Contact theSOPAbout theSOPSupport theSOPWritersEditorsManaging Editors
theSOP logo
Published:February 26th, 2007 11:27 EST
Reactivity and the Reptilian Brain

Reactivity and the Reptilian Brain

By Gilmore Crosby, MSW (Mentor/Columnist)

One of the dilemma's of being human, with consequences at work and in our personal lives, is that the fabulous instinctual behaviors that protect us from physical dangers-- the fight, flight, freeze reactions rooted in the “reptilian” portion of the brain-- work against us in social relationships.  Whatever your beliefs about the beginnings of human existence, you probably agree that humans have reactions to danger that don’t require conscious thought.  If we detect danger in the environment-- a snake, a violent person, a vehicle bearing down on us -- we act without thought (and hopefully take the right action). 

Unfortunately, the same split-second reactions are frequently present in social relations, and are not nearly as useful as they are when handling physical danger.

For example, when an authority figure enters the room, the portion of your brain that scans the environment may send the danger signal to the reptilian brain, even if you get along relatively well with that person.  For many people, it is hard to relate to their bosses without slipping into fight (which usually takes the form of “logically” disagreeing with whatever the boss or company says), flight (which is usually “escaping” into avoidance behavior-- not saying what you really think or not expressing how you really feel), or freeze behaviors (when a normally intelligent and engaging person goes “brain dead”).  Once activated into fight or flight mode, it’s easy to misunderstand.  If I think I’m being attacked (and I use the term “think” lightly here... as in my cognitive brain has scanned the environment and made a split second assessment, and my subsequent thoughts and feelings reflect that assessment), then it is likely, regardless of the other person’s intentions, that I will view their words and actions in an unfavorable light, and as further proof of whatever beliefs I have formed about them.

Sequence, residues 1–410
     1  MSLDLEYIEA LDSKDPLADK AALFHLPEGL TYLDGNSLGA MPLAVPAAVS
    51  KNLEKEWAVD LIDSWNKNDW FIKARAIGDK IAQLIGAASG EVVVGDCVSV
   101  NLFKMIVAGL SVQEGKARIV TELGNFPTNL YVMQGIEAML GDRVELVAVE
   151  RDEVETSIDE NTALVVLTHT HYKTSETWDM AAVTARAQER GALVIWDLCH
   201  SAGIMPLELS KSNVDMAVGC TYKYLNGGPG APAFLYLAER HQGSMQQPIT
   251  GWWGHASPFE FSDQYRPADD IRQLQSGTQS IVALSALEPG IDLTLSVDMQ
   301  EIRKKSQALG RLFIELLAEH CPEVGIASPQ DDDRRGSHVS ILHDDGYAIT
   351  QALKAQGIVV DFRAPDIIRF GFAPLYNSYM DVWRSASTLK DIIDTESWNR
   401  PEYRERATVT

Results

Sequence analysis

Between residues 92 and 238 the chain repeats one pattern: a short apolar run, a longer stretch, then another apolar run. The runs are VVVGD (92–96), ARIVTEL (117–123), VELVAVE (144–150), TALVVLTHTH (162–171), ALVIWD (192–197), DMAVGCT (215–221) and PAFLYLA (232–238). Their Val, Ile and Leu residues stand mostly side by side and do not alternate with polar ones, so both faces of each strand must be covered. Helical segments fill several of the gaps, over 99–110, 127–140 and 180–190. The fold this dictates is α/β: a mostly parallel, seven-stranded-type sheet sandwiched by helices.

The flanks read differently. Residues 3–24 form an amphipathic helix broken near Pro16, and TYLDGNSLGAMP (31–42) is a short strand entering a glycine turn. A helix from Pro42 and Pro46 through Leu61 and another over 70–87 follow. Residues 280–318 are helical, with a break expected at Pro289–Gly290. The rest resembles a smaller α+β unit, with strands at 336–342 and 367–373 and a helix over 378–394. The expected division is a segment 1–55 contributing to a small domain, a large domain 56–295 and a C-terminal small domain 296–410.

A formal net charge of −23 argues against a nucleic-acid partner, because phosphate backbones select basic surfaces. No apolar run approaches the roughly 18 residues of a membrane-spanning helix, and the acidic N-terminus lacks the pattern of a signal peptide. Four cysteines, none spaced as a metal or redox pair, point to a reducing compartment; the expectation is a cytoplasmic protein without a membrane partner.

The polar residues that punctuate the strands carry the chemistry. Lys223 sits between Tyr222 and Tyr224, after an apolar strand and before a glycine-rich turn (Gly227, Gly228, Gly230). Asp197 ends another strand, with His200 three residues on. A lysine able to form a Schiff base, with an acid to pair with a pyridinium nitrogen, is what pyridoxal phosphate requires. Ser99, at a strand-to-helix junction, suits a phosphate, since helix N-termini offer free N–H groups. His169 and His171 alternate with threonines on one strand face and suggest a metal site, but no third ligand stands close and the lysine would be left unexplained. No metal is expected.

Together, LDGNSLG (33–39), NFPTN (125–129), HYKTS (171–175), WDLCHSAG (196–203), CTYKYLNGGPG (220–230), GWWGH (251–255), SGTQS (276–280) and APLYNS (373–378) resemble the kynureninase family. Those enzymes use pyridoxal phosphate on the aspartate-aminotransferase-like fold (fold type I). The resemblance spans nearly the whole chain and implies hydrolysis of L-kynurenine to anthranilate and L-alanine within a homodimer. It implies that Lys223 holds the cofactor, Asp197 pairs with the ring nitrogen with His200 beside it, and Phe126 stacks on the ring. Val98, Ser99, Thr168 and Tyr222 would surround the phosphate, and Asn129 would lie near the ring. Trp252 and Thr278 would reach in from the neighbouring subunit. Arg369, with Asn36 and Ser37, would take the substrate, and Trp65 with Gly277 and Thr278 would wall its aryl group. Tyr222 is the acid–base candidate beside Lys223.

Our reactions are rooted in a mix of biology and experience.  As an infant and during our subsequent development as a child, we form our beliefs and habitual reactions to authority figures, and carry them into our adult lives.  Different stimuli evokes different reactions in each of us, although it’s easy (and comforting) to assume that others think and feel the way we do.  Such wishful thinking is also rooted in instinctive behavior.  Humans like to be the same... to belong.  Humans also like to be different.  No wonder humans can be so confusing! And so confused.